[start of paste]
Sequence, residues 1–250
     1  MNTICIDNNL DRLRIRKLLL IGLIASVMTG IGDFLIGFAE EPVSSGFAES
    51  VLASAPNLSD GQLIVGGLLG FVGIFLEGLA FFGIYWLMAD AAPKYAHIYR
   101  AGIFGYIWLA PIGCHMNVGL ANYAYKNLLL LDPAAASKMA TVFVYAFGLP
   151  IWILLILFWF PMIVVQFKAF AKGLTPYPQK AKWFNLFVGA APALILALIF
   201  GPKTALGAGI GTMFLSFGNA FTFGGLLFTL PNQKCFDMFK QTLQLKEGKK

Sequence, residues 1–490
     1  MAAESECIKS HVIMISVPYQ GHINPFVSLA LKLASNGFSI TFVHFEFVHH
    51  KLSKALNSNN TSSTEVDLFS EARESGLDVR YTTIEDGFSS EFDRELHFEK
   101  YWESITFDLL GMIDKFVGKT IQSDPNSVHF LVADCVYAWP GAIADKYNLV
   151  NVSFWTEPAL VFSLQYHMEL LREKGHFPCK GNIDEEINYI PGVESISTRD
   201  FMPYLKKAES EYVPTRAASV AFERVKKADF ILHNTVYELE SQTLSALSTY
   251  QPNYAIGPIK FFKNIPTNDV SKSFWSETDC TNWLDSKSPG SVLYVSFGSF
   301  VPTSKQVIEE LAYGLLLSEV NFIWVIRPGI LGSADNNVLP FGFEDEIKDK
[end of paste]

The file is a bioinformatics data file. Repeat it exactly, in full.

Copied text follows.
Sequence, residues 1–250
     1  MNTICIDNNL DRLRIRKLLL IGLIASVMTG IGDFLIGFAE EPVSSGFAES
    51  VLASAPNLSD GQLIVGGLLG FVGIFLEGLA FFGIYWLMAD AAPKYAHIYR
   101  AGIFGYIWLA PIGCHMNVGL ANYAYKNLLL LDPAAASKMA TVFVYAFGLP
   151  IWILLILFWF PMIVVQFKAF AKGLTPYPQK AKWFNLFVGA APALILALIF
   201  GPKTALGAGI GTMFLSFGNA FTFGGLLFTL PNQKCFDMFK QTLQLKEGKK

Sequence, residues 1–490
     1  MAAESECIKS HVIMISVPYQ GHINPFVSLA LKLASNGFSI TFVHFEFVHH
    51  KLSKALNSNN TSSTEVDLFS EARESGLDVR YTTIEDGFSS EFDRELHFEK
   101  YWESITFDLL GMIDKFVGKT IQSDPNSVHF LVADCVYAWP GAIADKYNLV
   151  NVSFWTEPAL VFSLQYHMEL LREKGHFPCK GNIDEEINYI PGVESISTRD
   201  FMPYLKKAES EYVPTRAASV AFERVKKADF ILHNTVYELE SQTLSALSTY
   251  QPNYAIGPIK FFKNIPTNDV SKSFWSETDC TNWLDSKSPG SVLYVSFGSF
   301  VPTSKQVIEE LAYGLLLSEV NFIWVIRPGI LGSADNNVLP FGFEDEIKDK